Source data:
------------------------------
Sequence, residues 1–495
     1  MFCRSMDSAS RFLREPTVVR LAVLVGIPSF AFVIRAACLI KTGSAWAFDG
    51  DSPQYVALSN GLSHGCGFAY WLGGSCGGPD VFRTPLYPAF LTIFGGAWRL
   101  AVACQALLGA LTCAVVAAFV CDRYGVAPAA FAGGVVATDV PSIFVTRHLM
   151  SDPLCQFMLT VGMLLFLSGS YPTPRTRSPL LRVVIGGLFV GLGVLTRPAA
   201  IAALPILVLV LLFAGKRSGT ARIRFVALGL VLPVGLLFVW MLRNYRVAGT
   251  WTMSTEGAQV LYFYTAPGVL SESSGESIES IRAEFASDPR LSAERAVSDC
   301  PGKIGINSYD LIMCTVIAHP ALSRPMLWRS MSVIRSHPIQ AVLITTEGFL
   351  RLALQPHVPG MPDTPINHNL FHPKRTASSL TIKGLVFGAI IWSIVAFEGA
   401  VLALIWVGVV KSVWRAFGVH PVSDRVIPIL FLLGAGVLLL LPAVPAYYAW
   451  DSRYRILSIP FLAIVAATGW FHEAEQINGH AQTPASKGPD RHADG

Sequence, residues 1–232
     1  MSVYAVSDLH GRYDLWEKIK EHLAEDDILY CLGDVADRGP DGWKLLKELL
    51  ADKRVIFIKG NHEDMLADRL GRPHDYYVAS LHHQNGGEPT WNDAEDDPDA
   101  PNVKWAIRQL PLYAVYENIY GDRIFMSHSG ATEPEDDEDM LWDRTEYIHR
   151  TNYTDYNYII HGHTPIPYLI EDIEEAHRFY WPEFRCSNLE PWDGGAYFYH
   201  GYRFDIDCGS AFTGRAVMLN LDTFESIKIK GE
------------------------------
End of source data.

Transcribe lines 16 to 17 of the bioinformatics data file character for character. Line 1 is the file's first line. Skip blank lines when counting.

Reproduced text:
   151  TNYTDYNYII HGHTPIPYLI EDIEEAHRFY WPEFRCSNLE PWDGGAYFYH
   201  GYRFDIDCGS AFTGRAVMLN LDTFESIKIK GE